PRINCIPAL INVESTIGATORS: Dr Ian Crouch and Dr Elke Crouch
Dr I Crouch: +27 21 887 1134 / firstname.lastname@example.org
Dr E. Crouch: +27 21 808 4763 / email@example.com
DURATION: Two years
PHI-1 CONTRIBUTION: R199 995
LEAD INSTITUTIONS: ExperiCo (Fruit Technology Solutions) and Stellenbosch University (Department of Horticultural Science)
Beneficiary: The pome fruit sector
The occurrence of flesh browning in ‘Cripps Pink’ apples caused major economic losses to the South African fresh fruit export industry in recent years. Research by Dr Jenny Jobling in Australia provides interesting theories on the causes, but not much is known about this post-harvest condition in South Africa. The effect of South African harvest and cold storage factors on the development of flesh browning in ‘Cripps Pink’ apples was studied in a project conducted by ExperiCo (Fruit Technology Solutions) and the Department of Horticultural Science, Stellenbosch University. The Post-Harvest Innovation Programme co-financed the project, together with Fruitgro Science, on behalf of the South African Apple and Pear Producers’ Association (SAAPPA).
Factors influencing the development of flesh browning
This project was made possible by the equal input and contribution of everyone involved – the ExperiCo team: Dr Ian Crouch and Heleen Bergman, and the Department of Horticultural Science team: Dr Elke Crouch, Mariana Jooste and MSc student, Joanna Majoni.
Initial findings confirmed some of the Australian results presented by Dr Jenny Jobling. The South African study focused on the factors believed to have the biggest influence on the development of flesh browning in ‘Cripps Pink’ apples. These included storage temperatures and duration, cooling rate (rapid cooling versus stepwise cooling), harvest maturity, cell membrane studies and biochemical antioxidant analysis.
Cold storage and biochemical analysis results over two seasons
In 2009, flesh browning was mainly found in asymmetric fruit. This type of browning is known as bulge browning and can be eliminated during packing.
In 2010, diffuse flesh browning was the main type of browning, associated with a loss in cell membrane integrity. The polyunsaturated fatty acids were lower in brown fruit. The higher saturated:unsaturated fatty acid ratio indicated leakiness of the membrane that led to flesh browning.
- Higher storage temperatures retarded the development of flesh browning – it took much longer to develop when fruit was kept at 2.0°C (instead of the usual -0.5°C) in controlled atmosphere (CA) storage. However, it also increased the risk of greasiness and peduncular scald development.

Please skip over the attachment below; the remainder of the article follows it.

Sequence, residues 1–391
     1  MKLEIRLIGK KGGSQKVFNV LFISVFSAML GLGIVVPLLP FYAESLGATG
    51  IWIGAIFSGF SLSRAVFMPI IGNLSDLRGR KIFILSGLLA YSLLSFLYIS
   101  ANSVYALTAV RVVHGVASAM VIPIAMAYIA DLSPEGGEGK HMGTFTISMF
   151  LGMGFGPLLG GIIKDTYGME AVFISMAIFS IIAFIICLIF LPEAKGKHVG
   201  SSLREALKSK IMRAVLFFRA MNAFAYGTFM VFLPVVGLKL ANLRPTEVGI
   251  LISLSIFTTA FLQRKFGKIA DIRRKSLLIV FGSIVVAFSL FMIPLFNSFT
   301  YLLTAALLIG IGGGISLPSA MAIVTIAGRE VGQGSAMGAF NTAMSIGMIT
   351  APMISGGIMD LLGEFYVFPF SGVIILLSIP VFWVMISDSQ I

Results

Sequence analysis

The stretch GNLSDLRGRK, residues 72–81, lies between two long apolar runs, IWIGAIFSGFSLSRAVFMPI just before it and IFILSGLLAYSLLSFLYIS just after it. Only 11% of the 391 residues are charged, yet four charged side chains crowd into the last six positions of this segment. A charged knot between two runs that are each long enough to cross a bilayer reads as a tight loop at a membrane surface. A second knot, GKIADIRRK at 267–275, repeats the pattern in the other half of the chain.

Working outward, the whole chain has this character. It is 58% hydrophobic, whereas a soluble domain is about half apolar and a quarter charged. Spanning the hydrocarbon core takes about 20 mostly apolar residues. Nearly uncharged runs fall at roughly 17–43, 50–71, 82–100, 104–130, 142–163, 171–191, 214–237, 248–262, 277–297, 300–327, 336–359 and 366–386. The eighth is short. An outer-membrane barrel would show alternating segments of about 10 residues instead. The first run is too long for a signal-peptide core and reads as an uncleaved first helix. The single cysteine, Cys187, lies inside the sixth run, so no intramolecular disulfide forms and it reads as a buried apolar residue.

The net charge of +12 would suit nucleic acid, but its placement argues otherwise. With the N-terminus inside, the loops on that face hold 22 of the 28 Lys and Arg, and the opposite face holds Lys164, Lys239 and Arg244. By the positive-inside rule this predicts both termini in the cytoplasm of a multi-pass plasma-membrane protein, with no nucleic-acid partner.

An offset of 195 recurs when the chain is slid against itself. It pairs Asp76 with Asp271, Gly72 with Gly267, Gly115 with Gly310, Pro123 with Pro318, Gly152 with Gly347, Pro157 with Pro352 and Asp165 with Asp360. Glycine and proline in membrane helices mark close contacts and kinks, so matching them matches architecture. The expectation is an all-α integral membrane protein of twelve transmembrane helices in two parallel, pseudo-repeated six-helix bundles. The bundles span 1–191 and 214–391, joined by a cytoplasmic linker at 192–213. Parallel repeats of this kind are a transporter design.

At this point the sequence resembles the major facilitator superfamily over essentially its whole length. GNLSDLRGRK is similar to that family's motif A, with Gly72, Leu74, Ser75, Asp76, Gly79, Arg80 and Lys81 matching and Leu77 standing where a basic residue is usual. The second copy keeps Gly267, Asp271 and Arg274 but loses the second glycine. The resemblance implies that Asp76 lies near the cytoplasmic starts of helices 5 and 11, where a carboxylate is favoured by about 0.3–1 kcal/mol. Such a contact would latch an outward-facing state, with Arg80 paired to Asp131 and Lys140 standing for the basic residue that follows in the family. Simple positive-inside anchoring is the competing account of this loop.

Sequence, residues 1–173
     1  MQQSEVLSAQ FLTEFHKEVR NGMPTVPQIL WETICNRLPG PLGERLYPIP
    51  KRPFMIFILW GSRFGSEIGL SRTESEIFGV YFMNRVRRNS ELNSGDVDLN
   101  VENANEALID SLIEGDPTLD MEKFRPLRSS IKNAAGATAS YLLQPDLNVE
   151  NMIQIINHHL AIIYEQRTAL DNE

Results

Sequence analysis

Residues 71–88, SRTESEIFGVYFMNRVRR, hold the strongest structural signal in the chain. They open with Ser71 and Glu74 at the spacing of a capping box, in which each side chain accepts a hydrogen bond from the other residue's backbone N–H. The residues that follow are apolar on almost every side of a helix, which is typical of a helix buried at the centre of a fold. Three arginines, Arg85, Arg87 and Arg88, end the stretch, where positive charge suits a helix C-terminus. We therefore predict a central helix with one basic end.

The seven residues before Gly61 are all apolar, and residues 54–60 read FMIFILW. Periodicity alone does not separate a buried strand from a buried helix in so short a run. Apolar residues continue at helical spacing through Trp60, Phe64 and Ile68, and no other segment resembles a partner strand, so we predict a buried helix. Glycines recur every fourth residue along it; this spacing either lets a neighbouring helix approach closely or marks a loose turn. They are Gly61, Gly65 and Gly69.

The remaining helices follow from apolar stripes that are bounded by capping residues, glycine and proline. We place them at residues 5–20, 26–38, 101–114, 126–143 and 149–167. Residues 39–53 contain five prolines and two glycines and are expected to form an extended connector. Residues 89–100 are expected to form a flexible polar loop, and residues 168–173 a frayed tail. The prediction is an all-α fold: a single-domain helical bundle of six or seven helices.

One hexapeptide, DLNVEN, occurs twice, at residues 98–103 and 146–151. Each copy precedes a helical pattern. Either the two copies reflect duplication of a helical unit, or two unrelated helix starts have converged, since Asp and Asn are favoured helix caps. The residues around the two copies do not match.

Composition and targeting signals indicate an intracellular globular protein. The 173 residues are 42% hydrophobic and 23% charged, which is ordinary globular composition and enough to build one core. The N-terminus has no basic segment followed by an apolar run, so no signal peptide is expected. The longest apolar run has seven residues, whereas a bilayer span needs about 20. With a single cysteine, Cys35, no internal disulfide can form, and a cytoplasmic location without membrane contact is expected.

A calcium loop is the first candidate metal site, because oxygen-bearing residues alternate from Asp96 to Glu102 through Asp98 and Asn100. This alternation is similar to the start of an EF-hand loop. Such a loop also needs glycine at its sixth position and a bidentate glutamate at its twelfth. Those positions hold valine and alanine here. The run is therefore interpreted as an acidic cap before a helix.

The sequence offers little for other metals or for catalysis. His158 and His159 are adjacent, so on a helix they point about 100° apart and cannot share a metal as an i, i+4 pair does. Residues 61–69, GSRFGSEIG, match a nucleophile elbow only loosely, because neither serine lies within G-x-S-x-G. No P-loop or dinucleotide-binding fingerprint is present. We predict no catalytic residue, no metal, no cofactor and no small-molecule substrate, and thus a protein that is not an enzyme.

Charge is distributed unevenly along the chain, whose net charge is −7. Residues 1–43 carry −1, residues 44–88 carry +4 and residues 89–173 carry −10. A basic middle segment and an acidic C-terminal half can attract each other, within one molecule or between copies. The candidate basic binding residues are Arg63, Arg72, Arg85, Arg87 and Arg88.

- Fruit stored at -0.5°C indicated diffuse flesh browning, with a much higher concentration of total phenolics and a low ascorbate (antioxidant) content.
- Cooling rate trial results were inconclusive on the development of flesh browning. However, stepwise cooled fruit were generally firmer with a more intense overall skin colour development than rapidly cooled fruit. Total phenols were also higher for stepwise cooled fruit.
- When fruit was rapidly cooled to -0.5°C, the oxidised glutathione and ascorbate levels increased, which is an oxidative stress response.
- Harvest maturity has a direct influence on flesh browning – much more flesh browning occurred in fruit harvested at advanced maturity than fruit harvested at optimum maturity, regardless of the growing area.
- Cell membrane and antioxidant test results confirmed the influence of harvest maturity. Late harvested fruit showed higher stress levels and more advanced senescence.
- The total ascorbate (antioxidant that prevents browning in other fruit) of late harvested fruit decreased between one and five months of CA storage, whilst it took five to seven months to decrease in fruit harvested at optimum maturity.
- On the other hand, reduced glutathione increased more in fruit harvested at optimum maturity than in fruit harvested later.
Outcome of study and benefits to industry
- The study proves that harvest maturity, storage temperature and duration are critical factors influencing the potential development of flesh browning in ‘Cripps Pink’ apples.
- Thus, producers can optimise export yields to increase profitability.
- Due to the influence of harvest maturity, producers should not wait too long for colour development before harvesting.
- Fruit stored for five months or longer developed flesh browning, which clearly shows the influence of storage duration.
- Biochemical indicators (total, oxidised and reduced ascorbate) must be further studied for use as early indicators of stress and flesh browning.
- Fruitgro Science (on behalf of SAAPPA) will finance further research to define the influence of pre-harvest factors on the development of flesh browning in ‘Cripps Pink’ apples.